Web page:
Udemy’s video player is also simple to use. You can adjust the video playback, or read over the transcript. It is easy to skip ahead to future lessons, or go back to older lessons for a refresher.
Edx makes it simple to find courses you’re interested in—you can search according to categories, type of class, as well as level. Edx also has a unique search feature, you can search according to organization. So if you’ve always wanted to tell your friends that you’re taking courses from Harvard or MIT, now you can.
Edx also saves your progress in your courses, so you can easily jump right back in. Their videos include transcripts if you enjoy reading, and discussion boards are available for you to use if you have questions.
However, there are some reports of difficulty in getting refunds from Edx, and they do not currently have a “contact us” page to get ahold of customer service
Also, there are some things which makes the free version of Edx difficult to use. You can take almost any course for free—but you’ll be bombarded with ads to upgrade to the paid version. You can sidestep these ads, but it does make using the site a little more difficult.
Conclusion: Udemy vs Edx Ease Of Use
Both Edx and Udemy make it simple for you to find classes and start learning. However, Edx is plagued with ads if you’re auditing a class for free, and getting refunds can be difficult. Udemy is the winner, as it’s easier to use.
Which Has Better Quality?
Quality is king. It doesn’t matter how user-friendly a site is, or how cheaply it’s priced—if the videos are poorly made, or the information is incorrect, then that site will do you no good. You’re investing your time into this course. You want to be sure that the courses are good. Let’s see whether Edx or Udemy has better quality!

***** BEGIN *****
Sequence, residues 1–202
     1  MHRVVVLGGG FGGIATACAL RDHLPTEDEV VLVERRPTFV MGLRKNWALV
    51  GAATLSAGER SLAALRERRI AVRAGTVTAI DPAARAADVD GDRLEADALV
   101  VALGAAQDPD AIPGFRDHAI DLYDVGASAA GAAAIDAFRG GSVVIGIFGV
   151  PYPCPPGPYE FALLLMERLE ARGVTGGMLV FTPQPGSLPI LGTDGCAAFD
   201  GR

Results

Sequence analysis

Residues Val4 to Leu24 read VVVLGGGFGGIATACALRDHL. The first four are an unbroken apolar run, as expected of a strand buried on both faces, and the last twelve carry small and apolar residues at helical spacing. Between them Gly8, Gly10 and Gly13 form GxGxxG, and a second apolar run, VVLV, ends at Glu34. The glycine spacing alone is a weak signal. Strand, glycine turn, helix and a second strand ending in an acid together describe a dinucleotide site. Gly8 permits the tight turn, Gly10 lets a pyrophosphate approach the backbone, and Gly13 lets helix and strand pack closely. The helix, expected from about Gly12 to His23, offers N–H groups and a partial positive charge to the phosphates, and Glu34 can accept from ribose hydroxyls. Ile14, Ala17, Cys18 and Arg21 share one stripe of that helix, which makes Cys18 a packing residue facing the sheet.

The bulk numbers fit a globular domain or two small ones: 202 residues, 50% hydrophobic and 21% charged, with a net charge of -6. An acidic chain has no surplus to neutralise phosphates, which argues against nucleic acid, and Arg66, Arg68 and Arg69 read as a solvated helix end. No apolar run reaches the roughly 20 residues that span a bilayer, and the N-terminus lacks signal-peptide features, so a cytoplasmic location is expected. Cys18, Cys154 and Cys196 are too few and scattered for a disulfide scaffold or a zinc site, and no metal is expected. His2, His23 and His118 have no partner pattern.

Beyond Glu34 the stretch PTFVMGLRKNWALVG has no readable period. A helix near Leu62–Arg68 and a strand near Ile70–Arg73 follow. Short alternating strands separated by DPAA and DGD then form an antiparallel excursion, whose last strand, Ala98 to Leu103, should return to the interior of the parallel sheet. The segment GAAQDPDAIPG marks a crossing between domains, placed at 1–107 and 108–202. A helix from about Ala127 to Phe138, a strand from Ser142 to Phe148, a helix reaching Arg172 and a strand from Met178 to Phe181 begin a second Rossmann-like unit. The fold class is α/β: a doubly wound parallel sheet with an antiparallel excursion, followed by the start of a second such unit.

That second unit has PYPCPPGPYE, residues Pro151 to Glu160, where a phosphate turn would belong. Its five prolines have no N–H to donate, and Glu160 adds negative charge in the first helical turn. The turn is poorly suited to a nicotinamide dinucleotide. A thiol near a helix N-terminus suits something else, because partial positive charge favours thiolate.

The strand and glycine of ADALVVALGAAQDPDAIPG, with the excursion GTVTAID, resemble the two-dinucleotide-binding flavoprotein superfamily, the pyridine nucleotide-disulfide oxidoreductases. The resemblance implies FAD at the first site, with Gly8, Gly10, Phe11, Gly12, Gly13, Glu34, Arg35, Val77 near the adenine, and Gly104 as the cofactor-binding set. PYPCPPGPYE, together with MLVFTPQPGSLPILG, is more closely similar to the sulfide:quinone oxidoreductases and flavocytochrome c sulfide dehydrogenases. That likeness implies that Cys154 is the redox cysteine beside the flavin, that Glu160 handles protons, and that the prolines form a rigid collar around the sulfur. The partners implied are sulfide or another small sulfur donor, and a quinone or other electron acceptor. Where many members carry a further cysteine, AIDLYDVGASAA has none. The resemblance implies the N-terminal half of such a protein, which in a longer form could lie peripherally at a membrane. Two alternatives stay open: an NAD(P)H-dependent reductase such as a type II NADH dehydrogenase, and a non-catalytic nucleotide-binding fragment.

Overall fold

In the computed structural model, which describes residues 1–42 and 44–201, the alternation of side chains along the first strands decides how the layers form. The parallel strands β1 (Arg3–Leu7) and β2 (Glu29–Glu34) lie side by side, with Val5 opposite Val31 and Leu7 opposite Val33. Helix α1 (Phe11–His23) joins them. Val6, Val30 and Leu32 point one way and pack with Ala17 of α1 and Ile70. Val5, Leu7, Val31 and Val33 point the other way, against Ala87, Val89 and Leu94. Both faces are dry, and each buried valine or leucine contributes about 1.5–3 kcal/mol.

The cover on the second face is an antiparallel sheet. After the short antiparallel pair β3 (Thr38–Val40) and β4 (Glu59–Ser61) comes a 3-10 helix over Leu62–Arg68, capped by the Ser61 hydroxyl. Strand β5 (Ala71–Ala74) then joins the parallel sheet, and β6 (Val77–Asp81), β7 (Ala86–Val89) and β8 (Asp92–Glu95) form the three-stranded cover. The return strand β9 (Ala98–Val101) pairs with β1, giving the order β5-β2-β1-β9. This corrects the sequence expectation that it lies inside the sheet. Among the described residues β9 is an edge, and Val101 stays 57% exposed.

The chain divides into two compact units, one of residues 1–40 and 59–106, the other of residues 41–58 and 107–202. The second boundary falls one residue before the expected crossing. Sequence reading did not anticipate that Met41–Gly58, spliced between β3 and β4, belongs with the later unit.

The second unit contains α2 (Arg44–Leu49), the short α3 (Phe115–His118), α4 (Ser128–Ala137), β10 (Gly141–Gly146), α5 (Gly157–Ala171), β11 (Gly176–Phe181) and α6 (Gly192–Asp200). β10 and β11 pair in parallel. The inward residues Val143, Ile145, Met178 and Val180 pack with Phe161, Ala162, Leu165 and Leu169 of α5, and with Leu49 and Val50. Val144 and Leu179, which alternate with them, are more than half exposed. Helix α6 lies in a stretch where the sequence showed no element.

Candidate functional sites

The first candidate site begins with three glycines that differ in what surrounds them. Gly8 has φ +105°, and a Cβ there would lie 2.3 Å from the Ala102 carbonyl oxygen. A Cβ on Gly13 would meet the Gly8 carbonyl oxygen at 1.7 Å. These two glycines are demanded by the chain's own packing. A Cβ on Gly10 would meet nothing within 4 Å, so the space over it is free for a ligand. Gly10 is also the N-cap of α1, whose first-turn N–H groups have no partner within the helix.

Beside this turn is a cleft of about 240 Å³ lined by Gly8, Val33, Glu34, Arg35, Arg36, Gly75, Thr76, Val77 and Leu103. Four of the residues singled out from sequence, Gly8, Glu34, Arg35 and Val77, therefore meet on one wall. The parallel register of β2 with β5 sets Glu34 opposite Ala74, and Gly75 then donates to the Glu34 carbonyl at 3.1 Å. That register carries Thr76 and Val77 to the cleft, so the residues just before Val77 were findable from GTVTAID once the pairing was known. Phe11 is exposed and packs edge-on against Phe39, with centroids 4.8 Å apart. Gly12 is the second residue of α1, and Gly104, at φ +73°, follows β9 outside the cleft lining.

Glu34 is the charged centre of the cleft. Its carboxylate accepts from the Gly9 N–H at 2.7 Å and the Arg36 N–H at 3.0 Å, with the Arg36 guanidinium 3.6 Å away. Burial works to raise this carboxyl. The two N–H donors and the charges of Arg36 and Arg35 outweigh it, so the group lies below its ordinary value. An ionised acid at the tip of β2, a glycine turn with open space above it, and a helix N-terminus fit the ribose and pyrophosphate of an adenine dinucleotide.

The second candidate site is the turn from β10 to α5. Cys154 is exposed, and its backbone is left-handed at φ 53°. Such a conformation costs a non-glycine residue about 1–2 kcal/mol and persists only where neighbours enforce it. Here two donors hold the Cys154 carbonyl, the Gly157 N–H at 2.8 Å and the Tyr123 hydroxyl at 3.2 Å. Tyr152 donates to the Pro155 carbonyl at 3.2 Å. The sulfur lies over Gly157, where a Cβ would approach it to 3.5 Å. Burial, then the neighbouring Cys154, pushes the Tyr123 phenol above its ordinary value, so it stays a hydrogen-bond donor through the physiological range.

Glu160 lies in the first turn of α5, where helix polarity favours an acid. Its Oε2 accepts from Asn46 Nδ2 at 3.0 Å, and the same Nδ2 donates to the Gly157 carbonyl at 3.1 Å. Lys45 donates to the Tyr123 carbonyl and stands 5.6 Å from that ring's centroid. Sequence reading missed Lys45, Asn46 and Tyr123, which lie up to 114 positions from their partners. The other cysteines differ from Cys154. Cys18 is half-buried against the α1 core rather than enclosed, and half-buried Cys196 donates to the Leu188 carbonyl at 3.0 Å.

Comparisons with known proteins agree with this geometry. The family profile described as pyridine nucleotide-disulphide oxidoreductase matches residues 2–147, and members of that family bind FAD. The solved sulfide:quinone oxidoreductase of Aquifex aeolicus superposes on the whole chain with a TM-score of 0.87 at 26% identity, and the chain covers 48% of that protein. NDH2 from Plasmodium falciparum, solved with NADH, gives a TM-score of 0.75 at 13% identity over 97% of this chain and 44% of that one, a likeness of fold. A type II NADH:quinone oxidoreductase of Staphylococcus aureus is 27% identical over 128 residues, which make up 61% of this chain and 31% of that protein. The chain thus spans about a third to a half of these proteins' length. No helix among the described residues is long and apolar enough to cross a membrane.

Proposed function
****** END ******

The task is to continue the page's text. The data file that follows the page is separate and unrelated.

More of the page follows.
Anyone can learn anything on Udemy. But to accomplish this, Udemy allows anyone to teach. This gives you many different courses to choose from—but it also means that there’s no quality control. There have been reports of poorly-made videos, or audio that is hard to hear. Some instructors teach with scammy methods. While others may be sincere, in technology and design fields standards and systems rapidly change—so they may be teaching incorrect information, and not even know it.
However, Udemy does work to counteract this. Their ratings system is designed to reward good courses and discourage bad, and can often give you a good idea of a course’s quality. But as we mentioned above, reviews can be misleading, and students may not know when information is incorrect.
Because Edx partners with universities, you can be assured that all of their courses are college-level quality. It is university instructors who are teaching the courses—instructors who have had years of experience and expertise in the field. It’s also high-enough quality that you can earn your actual degree—or even complete your Master’s, for a far cheaper price.
Edx also has high quality videos. While at the beginning there were complaints about poor audio, it appears that most of those issues have been worked out. Video lessons don’t just feature the instructor lecturing—they’re well-made, including moving graphics and examples.
Conclusion: Udemy Vs Edx Quality
Here, Edx shines. Because they partner with world-renowned universities, their teachers and courses are top-quality. They also have engaging videos, which demonstrates the care put into them.
Udemy has a straightforward focus on learning, and so doesn’t offer any special tools for their users.
Edx offers different Learning Tracks for their users. These are several courses bundled together, all on one topic. They also offer Professional Tracks, as well as Executive Education ones. You can also earn your degree completely online with Edx, with a bachelors costing about $166/credit hour, and an entire Master’s degree costing only $10K-$25K.